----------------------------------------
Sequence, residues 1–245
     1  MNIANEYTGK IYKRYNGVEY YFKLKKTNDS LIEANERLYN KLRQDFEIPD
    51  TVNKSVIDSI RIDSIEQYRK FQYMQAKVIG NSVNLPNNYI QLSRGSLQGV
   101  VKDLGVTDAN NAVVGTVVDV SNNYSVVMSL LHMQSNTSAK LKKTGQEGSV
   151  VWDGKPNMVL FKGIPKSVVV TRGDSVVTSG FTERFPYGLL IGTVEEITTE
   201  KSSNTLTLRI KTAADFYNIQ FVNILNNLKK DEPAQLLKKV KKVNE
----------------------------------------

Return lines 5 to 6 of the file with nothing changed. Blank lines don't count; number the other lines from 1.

   151  VWDGKPNMVL FKGIPKSVVV TRGDSVVTSG FTERFPYGLL IGTVEEITTE
   201  KSSNTLTLRI KTAADFYNIQ FVNILNNLKK DEPAQLLKKV KKVNE